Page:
Civil wars have been the dominant form of armed conflict in what will soon be 70 years since the end of World War II. Civil wars often attract military interventions by foreign powers. Among those powers are kin states whose interventions are shaped by their transnational ties to co-ethnic combatants. This study goes beyond pointing out that kin states intervene in civil wars, however, and systematically explores the different kinds of kin states that intervene and how, why and under what conditions they come to do so. The study advances a commitment-problems theory of kin-state interventions.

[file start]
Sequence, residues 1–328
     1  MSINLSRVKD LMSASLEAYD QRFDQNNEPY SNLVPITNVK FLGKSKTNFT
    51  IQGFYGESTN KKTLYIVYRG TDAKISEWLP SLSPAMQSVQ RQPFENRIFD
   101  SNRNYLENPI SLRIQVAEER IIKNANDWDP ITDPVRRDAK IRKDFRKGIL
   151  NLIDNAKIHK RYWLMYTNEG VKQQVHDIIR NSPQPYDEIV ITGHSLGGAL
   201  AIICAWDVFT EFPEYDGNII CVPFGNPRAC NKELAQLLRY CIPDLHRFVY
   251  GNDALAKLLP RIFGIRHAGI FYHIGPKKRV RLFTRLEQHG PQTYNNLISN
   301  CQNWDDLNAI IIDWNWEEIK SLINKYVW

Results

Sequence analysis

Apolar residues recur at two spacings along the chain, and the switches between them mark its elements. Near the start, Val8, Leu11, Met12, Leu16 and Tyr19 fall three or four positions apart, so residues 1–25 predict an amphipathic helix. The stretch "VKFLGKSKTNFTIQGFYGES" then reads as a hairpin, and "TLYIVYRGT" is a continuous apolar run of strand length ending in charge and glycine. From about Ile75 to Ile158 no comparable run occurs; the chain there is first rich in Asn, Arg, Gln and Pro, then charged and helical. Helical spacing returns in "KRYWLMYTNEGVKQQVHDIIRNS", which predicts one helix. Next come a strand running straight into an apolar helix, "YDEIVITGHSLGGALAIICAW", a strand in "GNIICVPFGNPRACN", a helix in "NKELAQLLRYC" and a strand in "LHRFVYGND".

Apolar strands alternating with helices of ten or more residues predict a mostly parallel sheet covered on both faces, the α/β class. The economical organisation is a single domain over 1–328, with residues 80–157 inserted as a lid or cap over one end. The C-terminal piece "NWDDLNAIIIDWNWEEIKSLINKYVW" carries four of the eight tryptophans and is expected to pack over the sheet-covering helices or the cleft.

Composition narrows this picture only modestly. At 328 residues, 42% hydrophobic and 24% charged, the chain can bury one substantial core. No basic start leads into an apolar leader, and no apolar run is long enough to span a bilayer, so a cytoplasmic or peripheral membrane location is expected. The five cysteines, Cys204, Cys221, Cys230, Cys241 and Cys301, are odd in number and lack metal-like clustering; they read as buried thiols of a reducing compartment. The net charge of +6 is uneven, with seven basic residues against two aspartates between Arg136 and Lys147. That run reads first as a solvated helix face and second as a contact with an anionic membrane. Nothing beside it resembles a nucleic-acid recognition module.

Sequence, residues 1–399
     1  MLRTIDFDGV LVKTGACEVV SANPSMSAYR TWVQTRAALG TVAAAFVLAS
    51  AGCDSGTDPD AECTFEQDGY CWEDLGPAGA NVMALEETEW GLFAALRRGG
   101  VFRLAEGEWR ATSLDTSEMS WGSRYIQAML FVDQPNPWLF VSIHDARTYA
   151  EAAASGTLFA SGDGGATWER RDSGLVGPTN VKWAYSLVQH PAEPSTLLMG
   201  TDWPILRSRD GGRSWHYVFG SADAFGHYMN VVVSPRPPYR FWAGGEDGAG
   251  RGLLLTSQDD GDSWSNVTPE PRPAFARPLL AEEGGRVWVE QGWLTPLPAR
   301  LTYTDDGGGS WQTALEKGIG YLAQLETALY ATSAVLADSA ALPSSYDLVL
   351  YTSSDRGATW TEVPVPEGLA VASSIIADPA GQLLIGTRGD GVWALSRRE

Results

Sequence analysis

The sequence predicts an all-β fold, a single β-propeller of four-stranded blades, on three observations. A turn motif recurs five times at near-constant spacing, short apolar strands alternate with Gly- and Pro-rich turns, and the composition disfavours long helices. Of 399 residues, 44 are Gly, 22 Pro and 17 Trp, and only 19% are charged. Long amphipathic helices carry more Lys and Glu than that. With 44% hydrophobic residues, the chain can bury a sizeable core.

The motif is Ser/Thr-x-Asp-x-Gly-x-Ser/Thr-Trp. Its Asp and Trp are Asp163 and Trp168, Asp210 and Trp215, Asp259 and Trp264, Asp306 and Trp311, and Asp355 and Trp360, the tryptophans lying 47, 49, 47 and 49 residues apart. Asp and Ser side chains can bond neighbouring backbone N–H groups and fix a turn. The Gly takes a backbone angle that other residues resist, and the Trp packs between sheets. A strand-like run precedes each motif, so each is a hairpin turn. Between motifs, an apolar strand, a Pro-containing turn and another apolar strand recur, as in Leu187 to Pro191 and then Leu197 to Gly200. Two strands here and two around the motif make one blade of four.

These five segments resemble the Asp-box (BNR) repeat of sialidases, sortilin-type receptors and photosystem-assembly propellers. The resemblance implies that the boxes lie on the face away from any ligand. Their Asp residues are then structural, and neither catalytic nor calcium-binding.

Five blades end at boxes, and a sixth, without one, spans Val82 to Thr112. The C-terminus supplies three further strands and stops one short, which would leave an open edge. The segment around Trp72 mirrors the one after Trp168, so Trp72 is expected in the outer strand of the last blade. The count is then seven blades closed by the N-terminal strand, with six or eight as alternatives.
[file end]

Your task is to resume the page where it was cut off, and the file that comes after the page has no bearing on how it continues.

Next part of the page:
PHD project at the Department of Political Science, University of Oslo.
Jeff Checkel, CSCW/Simon Fraser University
Scott Gates, CSCW/PRIO